Randy Woodley is calling for a boycott of Christian conferences where all of the speakers are white … or there is only a token representation of persons of color. I support his call.
As I view the advertisements in Christian periodicals I am disappointed at how many conferences are still dominated by whites in the 21st century. (Many of these conferences also have few or no women.) This is the century where the demographics in the United States move from a white majority to a cultural and racial plurality. According to US Census reports it is estimated that by 2042 whites will drop below 50% of the population. That is only 30 years from now. How can we acquire the required vision and skill to navigate these transition years using only a white male paradigm for valuing wisdom and expertise?
Even some of the conferences focused on urban ministry, diversity, reconciliation, and social justice are mostly white male speakers. I went to seminary at Howard University School of Divinity, which is a historically black university. I had considered several other seminaries with urban ministry programs. It was a gift to end up at Howard University because the divinity school lived and breathed urban ministry. Yet when I would go to urban ministry conferences most of the experts were white. I never could understand this contradiction. The overwhelming majority of folks living and doing ministry in urban contexts were persons of color. Yet the experts at Christian conferences were mostly white. That was 30 years ago and still we face the same dilemma.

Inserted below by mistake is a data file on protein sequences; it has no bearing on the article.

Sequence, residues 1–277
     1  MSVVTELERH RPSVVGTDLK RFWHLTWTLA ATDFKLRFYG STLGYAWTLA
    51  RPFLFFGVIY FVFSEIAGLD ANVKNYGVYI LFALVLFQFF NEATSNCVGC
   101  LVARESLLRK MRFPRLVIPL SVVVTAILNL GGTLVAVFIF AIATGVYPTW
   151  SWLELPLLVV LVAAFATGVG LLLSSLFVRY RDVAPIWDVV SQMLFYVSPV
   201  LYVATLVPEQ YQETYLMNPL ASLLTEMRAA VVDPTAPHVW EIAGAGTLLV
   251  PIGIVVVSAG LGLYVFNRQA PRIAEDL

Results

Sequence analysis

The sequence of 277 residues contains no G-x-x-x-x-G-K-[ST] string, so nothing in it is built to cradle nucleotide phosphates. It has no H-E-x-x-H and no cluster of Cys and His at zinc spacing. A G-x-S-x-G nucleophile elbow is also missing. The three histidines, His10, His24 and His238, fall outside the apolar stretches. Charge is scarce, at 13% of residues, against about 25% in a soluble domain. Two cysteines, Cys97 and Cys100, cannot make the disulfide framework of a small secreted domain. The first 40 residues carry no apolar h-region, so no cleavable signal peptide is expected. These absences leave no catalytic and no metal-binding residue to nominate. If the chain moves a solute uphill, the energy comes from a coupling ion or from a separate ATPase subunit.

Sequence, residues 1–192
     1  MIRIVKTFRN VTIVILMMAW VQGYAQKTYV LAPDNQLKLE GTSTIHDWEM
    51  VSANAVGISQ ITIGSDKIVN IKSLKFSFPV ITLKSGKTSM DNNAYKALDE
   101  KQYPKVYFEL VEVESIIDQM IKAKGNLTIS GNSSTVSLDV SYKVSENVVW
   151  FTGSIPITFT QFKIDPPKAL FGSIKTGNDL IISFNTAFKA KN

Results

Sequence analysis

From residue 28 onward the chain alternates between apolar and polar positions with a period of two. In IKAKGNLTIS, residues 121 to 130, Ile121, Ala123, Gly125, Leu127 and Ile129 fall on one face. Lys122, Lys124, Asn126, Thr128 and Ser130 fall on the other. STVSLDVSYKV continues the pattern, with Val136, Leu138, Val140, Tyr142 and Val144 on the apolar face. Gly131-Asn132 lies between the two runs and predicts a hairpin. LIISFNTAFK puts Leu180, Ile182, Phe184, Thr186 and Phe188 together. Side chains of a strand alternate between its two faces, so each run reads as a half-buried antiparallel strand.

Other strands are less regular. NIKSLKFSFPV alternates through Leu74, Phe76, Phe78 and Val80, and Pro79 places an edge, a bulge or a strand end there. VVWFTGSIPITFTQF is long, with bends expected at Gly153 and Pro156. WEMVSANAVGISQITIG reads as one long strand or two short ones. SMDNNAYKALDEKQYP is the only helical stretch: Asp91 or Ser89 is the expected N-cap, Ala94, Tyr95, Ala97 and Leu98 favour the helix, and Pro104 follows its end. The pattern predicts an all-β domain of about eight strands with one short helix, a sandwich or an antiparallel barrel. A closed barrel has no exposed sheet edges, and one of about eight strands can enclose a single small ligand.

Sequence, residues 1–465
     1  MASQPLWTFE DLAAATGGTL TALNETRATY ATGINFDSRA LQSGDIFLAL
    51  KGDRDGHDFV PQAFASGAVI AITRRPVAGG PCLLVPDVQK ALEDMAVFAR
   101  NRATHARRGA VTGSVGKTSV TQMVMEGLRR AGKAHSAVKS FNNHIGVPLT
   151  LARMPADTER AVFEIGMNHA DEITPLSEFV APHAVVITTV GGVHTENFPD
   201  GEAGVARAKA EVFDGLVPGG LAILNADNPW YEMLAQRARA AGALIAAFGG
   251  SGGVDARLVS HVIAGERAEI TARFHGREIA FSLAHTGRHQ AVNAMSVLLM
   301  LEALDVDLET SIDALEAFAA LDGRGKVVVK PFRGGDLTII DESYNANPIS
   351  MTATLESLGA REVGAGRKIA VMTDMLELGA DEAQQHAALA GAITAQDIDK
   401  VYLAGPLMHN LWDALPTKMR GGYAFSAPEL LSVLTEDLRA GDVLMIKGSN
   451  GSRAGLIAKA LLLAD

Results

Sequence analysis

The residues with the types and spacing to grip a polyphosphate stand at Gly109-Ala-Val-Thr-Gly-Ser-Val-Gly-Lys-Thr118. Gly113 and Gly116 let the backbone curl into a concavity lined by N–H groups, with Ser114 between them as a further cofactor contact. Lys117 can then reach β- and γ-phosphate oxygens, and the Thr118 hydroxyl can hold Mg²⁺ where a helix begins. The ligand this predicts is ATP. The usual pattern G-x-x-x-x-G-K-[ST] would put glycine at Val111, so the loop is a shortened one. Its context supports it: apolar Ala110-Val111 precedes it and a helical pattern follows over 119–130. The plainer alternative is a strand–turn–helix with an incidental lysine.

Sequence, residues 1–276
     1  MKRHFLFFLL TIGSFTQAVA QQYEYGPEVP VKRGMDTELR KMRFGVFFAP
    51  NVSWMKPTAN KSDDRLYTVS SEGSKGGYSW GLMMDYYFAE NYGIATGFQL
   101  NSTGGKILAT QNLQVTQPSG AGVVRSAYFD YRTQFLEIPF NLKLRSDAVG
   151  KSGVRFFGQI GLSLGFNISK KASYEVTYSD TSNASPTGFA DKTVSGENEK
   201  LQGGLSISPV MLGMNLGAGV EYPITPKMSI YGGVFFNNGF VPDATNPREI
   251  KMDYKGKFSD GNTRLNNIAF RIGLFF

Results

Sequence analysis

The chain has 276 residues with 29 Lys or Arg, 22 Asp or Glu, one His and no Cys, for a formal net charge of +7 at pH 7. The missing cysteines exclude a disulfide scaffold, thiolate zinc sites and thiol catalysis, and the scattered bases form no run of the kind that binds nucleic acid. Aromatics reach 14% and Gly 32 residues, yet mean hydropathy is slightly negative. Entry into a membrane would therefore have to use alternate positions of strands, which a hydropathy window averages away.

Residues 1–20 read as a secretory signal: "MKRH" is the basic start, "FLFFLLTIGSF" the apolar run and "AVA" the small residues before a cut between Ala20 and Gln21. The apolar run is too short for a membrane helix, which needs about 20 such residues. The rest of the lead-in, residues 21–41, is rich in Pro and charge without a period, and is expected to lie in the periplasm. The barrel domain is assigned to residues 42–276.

Why do so many Christian conferences continue to have mostly white male speakers? One problem is that many of the sponsoring organizations are predominately white in staff, boards, networks, and worldview. Persons of color are often still on the margins or seen as the “other” in the worldviews of whites. Too many white Christians have limited experience in Christian contexts that are not dominated by whites and therefore lack cultural competence and any opportunity for being mentored by someone not white. Or could it be that the root of the problem is that white leaders do not fully trust persons of color to lead. One of the results of white dominance is the subtle discrediting of persons of color. So while we may not be consciously aware of it, perhaps the white Christian community simply does not trust persons of color to lead or offer valued wisdom and expertise. According to Paulo Freire, whites trusting persons who have experienced oppression or marginalization is the “indispensable precondition” for transformation.
While likely not the intention, all or mostly white-led conferences communicate to people of color that their concerns and contributions are not important. All white conferences render the lives and souls of persons of color invisible. So I join Randy Woodley in this boycott.